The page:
[xxvii] If I were to elaborate a taxonomy of modern relations between poetry and philosophy, it would include at the least the following possibilities: the Romantic idea of poetry discussed above (which can be stretched to include Phillipe Lacoue-Labarthe’s Poetry as Experience but which I would also suggest comprehends deconstruction’s encounters with literature – the difference being that the deconstructive ethos entails a perpetuation of irony, a commitment to permanent parabasis); poetry as a condition for philosophy, as a the condition for the elaboration of a truth, in negative terms (see Theodor Adorno’s negative dialectic) or in positive terms (Alain Badiou’s morphology of truth procedures); poetry as a disruptive traversal of conventional aesthetic and/or political arrangements (Jacques Rancière’s work, of course, but also the post-Language poetry of Juliana Spahr, Joshua Clover, and others, not to mention Claudia Rankine’s essay-poems with their rearticulation of the relation between word and image). It seems to me that that the relation between philosophy and poetry remains productive only on the condition that it perseveres in non-identity and contact, disruptive exchange and loving caress.

[xxviii] It seems to me that Agamben’s theory of profanation as the abolition of the sacredness of capital, the negation of capital’s separation of labor-power from living labor, might be one starting point for a recuperation of his work. This recuperation, however, would need to supplement Agamben’s indeterminate and all-too-long durée (his conflation of capitalism with a general logic of the sacred) with a more nuanced, historical materialist consideration of determinate social situations. See Agamben, “In Praise of Profanation” in Profanations.

[xxix] Alexander Weheliye and José Muñoz have already performed a great deal of this recuperative work through a consideration of the social power and determinateness of Agamben’s concept of potentiality, especially as it concerns queer life and blackness. See Weheliye, Habeas Viscus and Muñoz, Cruising Utopia: The Then and There of Queer Futurity and “‘Gimme This… Gimme That: Annihilation and Innovation in the Punk Rock Commons” Social Text 31.3.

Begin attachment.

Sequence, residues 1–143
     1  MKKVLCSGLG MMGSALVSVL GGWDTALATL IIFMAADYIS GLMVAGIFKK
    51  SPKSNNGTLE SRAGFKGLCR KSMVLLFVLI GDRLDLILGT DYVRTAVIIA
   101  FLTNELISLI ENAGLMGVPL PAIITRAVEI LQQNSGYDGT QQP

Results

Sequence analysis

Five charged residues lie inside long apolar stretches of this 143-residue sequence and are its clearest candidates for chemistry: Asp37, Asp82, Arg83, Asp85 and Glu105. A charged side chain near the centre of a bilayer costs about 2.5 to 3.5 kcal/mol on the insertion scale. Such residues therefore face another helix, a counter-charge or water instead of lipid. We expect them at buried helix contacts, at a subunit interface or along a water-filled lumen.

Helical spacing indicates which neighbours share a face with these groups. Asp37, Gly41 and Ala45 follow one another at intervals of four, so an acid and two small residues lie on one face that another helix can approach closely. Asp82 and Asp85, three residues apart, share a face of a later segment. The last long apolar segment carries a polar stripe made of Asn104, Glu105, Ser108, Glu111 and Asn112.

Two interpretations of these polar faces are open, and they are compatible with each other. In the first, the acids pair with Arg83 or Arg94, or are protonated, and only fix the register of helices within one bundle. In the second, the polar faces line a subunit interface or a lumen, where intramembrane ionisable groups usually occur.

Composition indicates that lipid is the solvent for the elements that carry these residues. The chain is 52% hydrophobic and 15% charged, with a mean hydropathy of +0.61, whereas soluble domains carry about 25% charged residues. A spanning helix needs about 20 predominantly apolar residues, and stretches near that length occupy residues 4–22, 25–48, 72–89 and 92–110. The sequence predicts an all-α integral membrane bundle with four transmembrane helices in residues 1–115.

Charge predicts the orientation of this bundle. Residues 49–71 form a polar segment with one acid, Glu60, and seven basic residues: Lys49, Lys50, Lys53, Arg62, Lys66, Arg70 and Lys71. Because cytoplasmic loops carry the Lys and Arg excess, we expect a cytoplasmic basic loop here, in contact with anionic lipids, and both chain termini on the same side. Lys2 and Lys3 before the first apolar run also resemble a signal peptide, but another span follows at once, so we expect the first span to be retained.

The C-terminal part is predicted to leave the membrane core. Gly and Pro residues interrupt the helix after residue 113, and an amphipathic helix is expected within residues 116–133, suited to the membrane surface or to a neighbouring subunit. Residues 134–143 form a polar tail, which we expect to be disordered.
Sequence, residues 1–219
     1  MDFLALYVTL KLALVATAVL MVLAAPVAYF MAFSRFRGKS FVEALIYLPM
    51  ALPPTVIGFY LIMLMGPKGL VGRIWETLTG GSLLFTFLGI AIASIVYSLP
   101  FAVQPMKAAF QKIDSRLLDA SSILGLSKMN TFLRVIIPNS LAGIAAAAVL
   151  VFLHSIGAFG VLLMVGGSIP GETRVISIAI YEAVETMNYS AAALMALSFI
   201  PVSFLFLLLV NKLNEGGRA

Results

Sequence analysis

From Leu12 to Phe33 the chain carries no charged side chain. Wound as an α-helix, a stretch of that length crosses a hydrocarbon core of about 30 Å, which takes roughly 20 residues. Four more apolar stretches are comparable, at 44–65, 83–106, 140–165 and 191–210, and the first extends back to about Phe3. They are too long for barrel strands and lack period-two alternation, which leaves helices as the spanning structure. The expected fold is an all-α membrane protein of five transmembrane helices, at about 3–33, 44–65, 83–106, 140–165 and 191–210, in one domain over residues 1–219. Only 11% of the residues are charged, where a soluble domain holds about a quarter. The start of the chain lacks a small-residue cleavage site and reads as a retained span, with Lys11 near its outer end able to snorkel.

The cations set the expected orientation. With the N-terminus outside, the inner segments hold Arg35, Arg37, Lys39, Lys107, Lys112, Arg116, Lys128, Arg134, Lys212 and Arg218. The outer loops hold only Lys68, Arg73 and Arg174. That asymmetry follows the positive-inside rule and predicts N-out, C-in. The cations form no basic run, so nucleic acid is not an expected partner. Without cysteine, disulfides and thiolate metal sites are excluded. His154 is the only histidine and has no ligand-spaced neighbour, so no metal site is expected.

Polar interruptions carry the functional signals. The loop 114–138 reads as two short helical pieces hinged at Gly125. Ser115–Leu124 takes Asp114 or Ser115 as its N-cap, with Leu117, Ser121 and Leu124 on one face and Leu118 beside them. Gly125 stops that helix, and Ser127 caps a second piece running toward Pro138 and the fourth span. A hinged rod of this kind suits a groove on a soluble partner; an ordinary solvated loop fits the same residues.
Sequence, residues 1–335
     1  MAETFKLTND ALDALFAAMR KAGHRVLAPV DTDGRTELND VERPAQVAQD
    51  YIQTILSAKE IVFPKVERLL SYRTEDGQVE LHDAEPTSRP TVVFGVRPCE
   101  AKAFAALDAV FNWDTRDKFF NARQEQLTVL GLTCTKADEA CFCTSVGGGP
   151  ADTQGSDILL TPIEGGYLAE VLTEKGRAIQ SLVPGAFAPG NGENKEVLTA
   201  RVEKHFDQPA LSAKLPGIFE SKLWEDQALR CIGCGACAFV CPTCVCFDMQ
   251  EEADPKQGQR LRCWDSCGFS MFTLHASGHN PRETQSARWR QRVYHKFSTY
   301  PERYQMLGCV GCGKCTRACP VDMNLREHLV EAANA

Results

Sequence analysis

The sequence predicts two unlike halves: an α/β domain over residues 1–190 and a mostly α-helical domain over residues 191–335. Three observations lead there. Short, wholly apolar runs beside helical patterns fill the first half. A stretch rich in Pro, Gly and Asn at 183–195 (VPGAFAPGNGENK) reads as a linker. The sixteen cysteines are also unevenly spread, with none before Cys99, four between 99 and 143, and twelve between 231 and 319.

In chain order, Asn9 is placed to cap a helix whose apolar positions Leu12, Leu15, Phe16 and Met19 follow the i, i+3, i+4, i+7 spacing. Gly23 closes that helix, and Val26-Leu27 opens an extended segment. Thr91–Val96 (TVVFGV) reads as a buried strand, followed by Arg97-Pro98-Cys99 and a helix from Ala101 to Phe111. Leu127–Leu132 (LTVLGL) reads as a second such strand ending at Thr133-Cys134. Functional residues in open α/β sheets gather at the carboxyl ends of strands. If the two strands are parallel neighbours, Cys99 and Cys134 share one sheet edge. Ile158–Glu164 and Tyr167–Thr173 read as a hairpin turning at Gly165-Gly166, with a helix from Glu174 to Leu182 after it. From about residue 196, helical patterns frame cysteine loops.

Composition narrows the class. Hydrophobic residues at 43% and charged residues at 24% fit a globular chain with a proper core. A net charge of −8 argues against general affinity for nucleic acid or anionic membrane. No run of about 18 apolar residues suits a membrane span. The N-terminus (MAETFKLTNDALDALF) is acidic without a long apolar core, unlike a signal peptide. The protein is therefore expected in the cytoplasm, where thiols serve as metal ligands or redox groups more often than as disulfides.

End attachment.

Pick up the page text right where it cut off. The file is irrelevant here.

Works Cited

Agamben, Giorgio. “The Author as Gesture.” Profanations. Trans. Jeff Fort. Zone Books, 2007. Pp. 61-72.

—. The Coming Community. Trans. Michael Hardt. University of Minnesota Press, 1993.

—. The End of the Poem: Studies in Poetics. Trans. Daniel Heller-Roazen. Stanford University Press, 1999.

—. The Highest Poverty: Monastic Rules and Form-of-Life. Trans. Adam Kotsko. Stanford University Press, 2013.

—. Homo Sacer: Sovereign Power and Bare Life. Trans. Daniel Heller-Roazen. Stanford University Press, 1998.

—. The Open: Man and Animal. Trans. Kevin Attell. Stanford University Press, 2003.

—. “On Potentiality.” Potentialities: Collected Essays in Philosophy. Trans. Daniel Heller-Roazen. Stanford University Press, 2000. Pp. 177-184.

—. Stanzas: Word and Phantasm in Western Culture. Trans. Ronald Martinez. University of Minnesota Press, 1993.

—. The Use of Bodies. Trans. Adam Kotsko. Stanford University Press, 2016.

Deleuze, Gilles. Difference and Repetition. Trans. Paul Patton. Columbia University Press, 1994.

—. “Immanence: A Life…” Pure Immanence. Trans. Anne Boyman. Zone Books, 2002.

Esposito, Roberto. Living Thought: The Origins and Actuality of Italian Philosophy. Trans. Zakiya Hanafi. Stanford University Press, 2012.

Foucault, Michel. “The Subject and Power.” Critical Inquiry, Vol. 8, No. 4 (Summer, 1982): 777-795. Trans. Leslie Sawyer.

Schlegel, Friedrich. Lucine and the Fragments. Trans. Peter Firchow. University of Minnesota Press, 1971.

Virno, Paolo. “Angels and the General Intellect: Individuation in Duns Scotus and Gilbert Simondon.” Trans. Nick Heron. Parrhesia, No. 7 (2009): 58-67.

Weheliye, Alexander. Habeus Viscus: Racializing Assemblages, Biopolitics, and Black Feminist Theories of the Human. Duke University Press, 2014.